Passage Analysis

Passage Analysis

Analyzing a Passage

In writing about literature or any specific text, you will strengthen your discussion if you offer specific passages from the text as evidence. Rather than simply dropping in quotations and expecting their significance and relevance to your argument to be self-evident, you need to provide sufficient analysis of the passage. Remember that your over-riding goal of analysis writing is to demonstrate some new understanding of the text.

How to analyze a text?

1. Read or reread the text with specific questions in mind.
2. Marshal basic ideas, events and names. Depending on the complexity of book, this requires additional review of the text.
3. Think through your personal reaction to the book: identification, enjoyment, significance, application.
4. Identify and consider most important ideas (importance will depend on context of class, assignment, study guide).
5. Return to the text to locate specific evidence and passages related to the major ideas.
6. Use your knowledge following the principles of analyzing a passage described below: test, essay, research, presentation, discussion, enjoyment.

Principles of analyzing a passage

1. Offer a thesis or topic sentence indicating a basic observation or assertion about the text or passage.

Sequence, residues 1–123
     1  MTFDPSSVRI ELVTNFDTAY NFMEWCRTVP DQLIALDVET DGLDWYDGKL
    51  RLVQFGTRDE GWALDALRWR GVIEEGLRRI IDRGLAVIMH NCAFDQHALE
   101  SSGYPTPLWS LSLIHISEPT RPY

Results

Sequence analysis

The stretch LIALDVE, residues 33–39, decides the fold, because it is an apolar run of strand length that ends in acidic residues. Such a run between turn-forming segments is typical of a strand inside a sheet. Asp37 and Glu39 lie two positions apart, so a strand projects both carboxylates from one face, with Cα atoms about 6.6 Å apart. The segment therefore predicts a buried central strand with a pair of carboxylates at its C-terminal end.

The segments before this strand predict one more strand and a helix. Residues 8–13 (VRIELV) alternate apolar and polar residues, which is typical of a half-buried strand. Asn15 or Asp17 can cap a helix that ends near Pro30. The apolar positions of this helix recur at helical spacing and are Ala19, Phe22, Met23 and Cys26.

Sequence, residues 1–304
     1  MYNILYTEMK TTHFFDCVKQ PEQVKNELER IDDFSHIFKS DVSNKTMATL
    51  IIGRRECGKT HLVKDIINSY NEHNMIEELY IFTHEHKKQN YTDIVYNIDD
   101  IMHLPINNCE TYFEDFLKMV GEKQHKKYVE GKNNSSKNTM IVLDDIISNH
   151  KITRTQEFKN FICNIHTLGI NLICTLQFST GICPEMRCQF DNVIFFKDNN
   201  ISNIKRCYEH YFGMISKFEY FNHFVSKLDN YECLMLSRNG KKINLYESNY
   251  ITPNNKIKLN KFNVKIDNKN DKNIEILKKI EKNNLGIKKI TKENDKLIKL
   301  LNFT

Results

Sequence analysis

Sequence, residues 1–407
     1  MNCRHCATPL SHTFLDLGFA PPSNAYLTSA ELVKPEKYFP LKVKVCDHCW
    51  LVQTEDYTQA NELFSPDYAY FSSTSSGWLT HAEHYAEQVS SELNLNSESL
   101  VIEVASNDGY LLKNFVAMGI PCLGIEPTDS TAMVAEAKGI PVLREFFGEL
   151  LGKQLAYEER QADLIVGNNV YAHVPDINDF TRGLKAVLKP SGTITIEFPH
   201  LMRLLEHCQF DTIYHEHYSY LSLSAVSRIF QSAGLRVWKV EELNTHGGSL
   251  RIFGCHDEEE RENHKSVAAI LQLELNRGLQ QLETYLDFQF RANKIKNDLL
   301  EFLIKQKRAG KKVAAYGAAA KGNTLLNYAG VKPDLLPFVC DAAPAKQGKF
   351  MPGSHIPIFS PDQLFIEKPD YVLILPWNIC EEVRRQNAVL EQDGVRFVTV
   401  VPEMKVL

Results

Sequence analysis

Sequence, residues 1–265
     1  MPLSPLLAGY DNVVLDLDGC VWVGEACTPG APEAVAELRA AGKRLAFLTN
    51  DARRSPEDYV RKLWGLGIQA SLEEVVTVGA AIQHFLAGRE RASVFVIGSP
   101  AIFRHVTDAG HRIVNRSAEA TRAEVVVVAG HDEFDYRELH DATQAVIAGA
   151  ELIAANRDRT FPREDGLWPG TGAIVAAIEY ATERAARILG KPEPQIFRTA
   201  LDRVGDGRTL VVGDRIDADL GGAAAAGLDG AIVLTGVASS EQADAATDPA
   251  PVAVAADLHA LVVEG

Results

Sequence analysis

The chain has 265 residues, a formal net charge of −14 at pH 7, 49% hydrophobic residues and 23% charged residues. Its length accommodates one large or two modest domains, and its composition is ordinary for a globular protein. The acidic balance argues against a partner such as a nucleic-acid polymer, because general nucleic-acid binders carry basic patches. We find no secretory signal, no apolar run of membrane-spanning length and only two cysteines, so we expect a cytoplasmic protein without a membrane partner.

2. Offer a context for the passage without offering too much summary.
3. Cite the passage (using correct format).
4. Then follow the passage with some combination of the following elements:
  • Discuss what happens in the passage and why it is significant to the work as a whole.
  • Consider what is said, particularly subtleties of the imagery and the ideas expressed.
  • Assess how it is said, considering how the word choice, the ordering of ideas, sentence structure, etc., contribute to the meaning of the passage.
  • Explain what it means, tying your analysis of the passage back to the significance of the text as a whole.
5. Repeat the process of context, quotation and analysis with additional support for your thesis or topic sentence.

Source: Beth Martin Birky, English Department, Goshen College

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